The Government finally budged on the cost of living crisis, on Monday announcing a dramatic 25 cents a litre cut to the cost of petrol taxes and road user charges and a halving of public transport fares.
The about-face came as Prime Minister Jacinda Ardern admitted there was a cost of living crisis in New Zealand – something she had been reluctant to do last week, although she maintained the drivers of rising costs were from offshore, and not the fault of her Government.
The changes are for just three months at this stage, although Ardern and Finance Minister Grant Robertson suggesting the Budget, due in May, could make lower public transport fares permanent.
The fuel excise changes took effect as of midnight last night (the public transport changes will come on April 1), but at least one fuel retailer, Mobil, took the opportunity to drop its prices almost immediately. When GST is included, the cut totals 28 cents a litre.
Ardern said the changes would mean savings of “$11 a tank to $17 a tank.”
She added she hoped the public transport fare cut would give people the opportunity to leave the car at home.
“We are also making it cheaper for those who catch a bus or a train. In the long term we need to build greater resilience into our transport system so we are less vulnerable to spikes in the price of petrol, but for now halving the cost of public transport will provide some families with an alternative to filling up the tank,” Ardern said.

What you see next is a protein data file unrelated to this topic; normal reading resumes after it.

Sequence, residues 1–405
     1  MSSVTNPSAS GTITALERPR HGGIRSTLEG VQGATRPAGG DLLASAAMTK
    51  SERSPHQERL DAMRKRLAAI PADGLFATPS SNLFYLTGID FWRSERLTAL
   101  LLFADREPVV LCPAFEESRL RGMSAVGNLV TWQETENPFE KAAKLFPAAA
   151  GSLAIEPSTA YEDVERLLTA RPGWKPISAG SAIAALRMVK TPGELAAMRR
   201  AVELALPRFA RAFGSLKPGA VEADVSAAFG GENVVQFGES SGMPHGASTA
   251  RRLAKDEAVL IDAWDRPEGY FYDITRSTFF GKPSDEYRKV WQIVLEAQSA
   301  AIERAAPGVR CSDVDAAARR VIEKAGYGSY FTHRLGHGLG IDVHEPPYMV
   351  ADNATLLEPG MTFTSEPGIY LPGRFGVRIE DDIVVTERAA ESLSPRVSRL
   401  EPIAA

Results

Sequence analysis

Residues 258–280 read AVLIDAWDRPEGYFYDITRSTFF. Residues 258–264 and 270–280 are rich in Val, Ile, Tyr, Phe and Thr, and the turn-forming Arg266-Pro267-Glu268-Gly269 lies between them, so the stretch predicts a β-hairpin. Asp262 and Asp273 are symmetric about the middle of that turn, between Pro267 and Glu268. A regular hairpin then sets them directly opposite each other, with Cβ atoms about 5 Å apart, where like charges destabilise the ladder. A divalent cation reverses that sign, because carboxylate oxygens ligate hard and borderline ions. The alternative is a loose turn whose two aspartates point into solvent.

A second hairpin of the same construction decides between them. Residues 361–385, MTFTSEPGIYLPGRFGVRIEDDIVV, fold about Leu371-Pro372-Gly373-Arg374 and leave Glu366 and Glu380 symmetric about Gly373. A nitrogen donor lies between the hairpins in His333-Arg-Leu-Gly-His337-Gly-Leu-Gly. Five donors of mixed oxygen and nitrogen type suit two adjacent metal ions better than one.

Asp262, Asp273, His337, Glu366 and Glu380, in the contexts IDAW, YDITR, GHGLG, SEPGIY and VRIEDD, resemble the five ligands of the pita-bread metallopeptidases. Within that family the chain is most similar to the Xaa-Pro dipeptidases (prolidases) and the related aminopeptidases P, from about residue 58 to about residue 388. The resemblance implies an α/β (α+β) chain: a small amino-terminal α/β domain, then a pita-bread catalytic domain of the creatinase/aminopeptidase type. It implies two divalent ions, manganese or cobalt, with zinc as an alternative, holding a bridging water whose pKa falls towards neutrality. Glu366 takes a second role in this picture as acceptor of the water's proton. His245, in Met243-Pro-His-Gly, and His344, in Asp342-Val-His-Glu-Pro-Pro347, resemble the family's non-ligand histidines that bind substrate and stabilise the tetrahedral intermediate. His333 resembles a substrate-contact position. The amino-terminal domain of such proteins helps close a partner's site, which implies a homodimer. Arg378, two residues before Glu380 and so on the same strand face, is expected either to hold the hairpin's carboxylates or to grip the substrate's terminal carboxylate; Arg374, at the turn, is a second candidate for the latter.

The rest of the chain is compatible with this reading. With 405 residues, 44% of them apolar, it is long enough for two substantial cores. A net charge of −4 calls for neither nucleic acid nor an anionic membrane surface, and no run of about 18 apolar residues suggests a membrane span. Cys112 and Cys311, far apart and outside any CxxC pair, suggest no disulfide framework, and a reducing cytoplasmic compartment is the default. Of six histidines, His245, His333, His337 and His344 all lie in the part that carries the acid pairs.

She said the crisis in Ukraine had brought about a “global energy crisis”.
Ardern said that while the crisis was not the responsibility of the Government, it would try to alleviate some of its most immediate costs.
“We cannot control the war in Ukraine nor the continued volatility of fuel prices, but we can take steps to reduce the impact on New Zealand families,” Ardern said.
Ardern’s announcement capped off one of the most difficult weeks in this Government’s history, which began with leader Christopher Luxon promising a $1.7 billion tax cut package, progressed to National pulling ahead in a poll for the first time in two years, and ended in the unedifying spectacle of Ardern denying there was a cost-of-living crisis.
On Monday, Ardern was even forced to answer, whether, on the back of that poll, she planned to stick around for the next election – a question usually directed at struggling National leaders (she said she would contest the election, shrugging of the poll result).
National had been calling on the Government to permanently axe Auckland’s regional fuel tax of 10 cents a litre plus GST – although last week National deputy leader Nicola Willis refused to go as far as calling for fuel exise, which applies nationally, to go as well.
National stuck to its guns on Monday, with leader Christopher Luxon saying the “petrol tax tweaks will provide some relief but don’t address the wider cost-of-living crisis that Kiwis across the country are facing”.
He reiterated his call for the Auckland regional fuel tax to go, as well as a raft of other Labour taxes.